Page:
Lesson 1 Flashcards Preview

French Level 1 > Lesson 1 > Flashcards

Flashcards in Lesson 1 Deck (130)
Loading flashcards...
1
Translate to French:

hello

bonjour

hello - bonjour. Note that bonjour literally translates to "good day." You can use it to say "good morning" or "good afternoon" as well.

2
Translate to French:

Good evening!

Bonsoir!

Good evening - Bonsoir. Note that bonsoir is a compound word formed from the words for "good" and "evening." It is used instead of bonjour to greet people in the evening.

3
Translate to French:

My name is Marc

Je m'appelle Marc

my name is - je m'appelle. This literally translates to "I call myself..."

4
Translate to French:

hi/bye

salut

hi/bye - salut. To informally greet or say goodbye to someone at any time of day, you can say salut.

5
Translate to French:

Hello (on the phone)

Allo

Hello - Allo. Note that allo is only said when picking up the phone.

6
Translate to French:

goodbye

au revoir

goodbye - au revoir

7
Translate to French:

yes

oui

yes - oui

8
Translate to French:

no

non

no - non

9
Translate to French:

What is your name?

Comment vous appelez-vous?

What is your name? - Comment vous appelez-vous? Note that this literally translates to "How/What do you call yourself?"

10
Translate to French:

please

s'il vous plaît

please - s'il vous plaît. This expression literally means, "if it pleases you." Note that with a close friend, you could say s'il te plaît.

11
Translate to French:

Thank you

Merci

thank you - merci. Note that "no, thank you" would be non, merci.

12
Translate to French:

You're welcome

De rien

you're welcome - de rien. Note that a formal alternative is je vous en prie.

13
Translate to French:

Excuse me

Excusez-moi

excuse me - excusez-moi. Note that you could also say pardon, which translates more directly as "pardon me."

14
Translate to French:

Welcome!

Bienvenue!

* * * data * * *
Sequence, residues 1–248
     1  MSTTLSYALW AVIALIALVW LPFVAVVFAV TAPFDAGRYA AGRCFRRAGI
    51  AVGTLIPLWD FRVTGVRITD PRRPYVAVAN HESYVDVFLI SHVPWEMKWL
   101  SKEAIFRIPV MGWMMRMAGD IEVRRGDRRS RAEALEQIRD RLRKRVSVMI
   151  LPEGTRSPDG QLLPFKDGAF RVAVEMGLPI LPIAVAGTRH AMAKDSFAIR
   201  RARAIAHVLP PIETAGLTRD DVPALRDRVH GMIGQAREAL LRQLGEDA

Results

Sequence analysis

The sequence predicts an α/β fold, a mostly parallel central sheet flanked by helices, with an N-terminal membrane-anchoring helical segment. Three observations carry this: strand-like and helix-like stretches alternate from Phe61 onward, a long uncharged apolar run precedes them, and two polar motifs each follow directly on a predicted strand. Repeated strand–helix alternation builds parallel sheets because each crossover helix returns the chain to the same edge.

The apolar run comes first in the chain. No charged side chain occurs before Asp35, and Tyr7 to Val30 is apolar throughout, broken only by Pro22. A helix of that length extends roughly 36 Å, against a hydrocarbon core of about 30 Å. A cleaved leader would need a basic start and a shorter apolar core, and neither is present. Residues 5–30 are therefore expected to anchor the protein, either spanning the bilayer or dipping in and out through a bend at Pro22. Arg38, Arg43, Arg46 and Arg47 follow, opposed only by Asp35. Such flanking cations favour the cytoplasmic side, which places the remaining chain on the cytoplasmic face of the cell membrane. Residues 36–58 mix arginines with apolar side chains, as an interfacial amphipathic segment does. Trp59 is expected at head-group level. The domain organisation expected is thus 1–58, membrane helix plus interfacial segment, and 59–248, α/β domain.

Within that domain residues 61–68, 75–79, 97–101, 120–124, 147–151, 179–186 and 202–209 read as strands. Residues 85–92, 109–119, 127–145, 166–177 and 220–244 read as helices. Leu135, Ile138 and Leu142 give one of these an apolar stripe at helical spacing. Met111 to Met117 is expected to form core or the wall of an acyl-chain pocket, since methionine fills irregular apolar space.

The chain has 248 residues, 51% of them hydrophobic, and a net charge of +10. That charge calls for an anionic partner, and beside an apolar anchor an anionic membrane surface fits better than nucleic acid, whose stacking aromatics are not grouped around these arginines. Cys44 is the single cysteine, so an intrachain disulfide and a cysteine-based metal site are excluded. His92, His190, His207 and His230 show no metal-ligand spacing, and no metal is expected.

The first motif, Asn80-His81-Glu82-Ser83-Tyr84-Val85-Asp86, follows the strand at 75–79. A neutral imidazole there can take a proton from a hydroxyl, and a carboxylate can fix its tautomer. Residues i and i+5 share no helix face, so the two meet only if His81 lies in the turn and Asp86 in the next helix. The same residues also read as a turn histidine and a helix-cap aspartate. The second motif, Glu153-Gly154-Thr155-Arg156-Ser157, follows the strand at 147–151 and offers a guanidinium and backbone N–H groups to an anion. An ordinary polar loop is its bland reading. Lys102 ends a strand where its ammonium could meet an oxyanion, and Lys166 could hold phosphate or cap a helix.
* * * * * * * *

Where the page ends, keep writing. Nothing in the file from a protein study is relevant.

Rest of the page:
Welcome - Bienvenue

15
Translate to French:

How are you?

Comment ça va?

How are you? - Comment ça va? This is sometimes shortened to Ça va?

16
Translate to French:

(in a formal setting) How are you?

Comment allez-vous?

How are you? (formal) - Comment allez-vous?

17
Translate to French:

I'm fine

Ça va bien

I'm fine, I'm OK - Ça va bien. This translates directly to "It goes well." Note also that bien is a common adverb -- "well."

18
Translate to French:

I (would like to) introduce Jean to you

Je vous présente Jean

I (would like to) introduce ___ to you - Je vous présente ___

19
Translate to French:

Can you help me?

Pouvez-vous m'aider?

Can you help me? - Pouvez-vous m'aider?

20
Translate to French:

Of course

Bien sûr

of course - bien sûr

21
Translate to French:

a boy

un garçon

a boy - un garçon. Note that singular masculine nouns use the indefinite article un.

22
Translate to French:

a girl

une fille

a girl - une fille. Note that singular feminine nouns use the indefinite article une.

23
Translate to French:

the boy

le garçon

the (masculine) - le. Note that singular masculine nouns use the definite article le.

24
Translate to French:

the girl

la fille

the (feminine) - la. Note that singular feminine nouns use the definite article la.

25
Translate to French:

a woman

une femme

a woman - une femme

26
Translate to French:

a man

un homme

a man - un homme

27
Translate to French:

a person

une personne

a person - une personne

28
Translate to French:

the man

l'homme

For any singular (masculine or feminine) noun starting with a vowel or a mute "h," the correct definite article is l' instead of le/la. This is called a contraction, and it also happens with words like de and ne.

29
Translate to French:

an American boy

un garçon américain

American (masculine adj.) - américain. Unless otherwise noted, adjectives are presented by default in their singular, masculine forms. Adjectives usually come after the nouns they modify. Note also that for the noun "an American," the translation would be capitalized: un Américain.

30
Translate to French:

an American girl

une fille américaine

American (feminine adj.) - américaine. Adjectives agree in gender and number with the nouns they modify. Here, the adjective's gender is feminine to match the gender of the noun. This is normally done by adding an "e" at the end, which causes the final consonant to be pronounced audibly.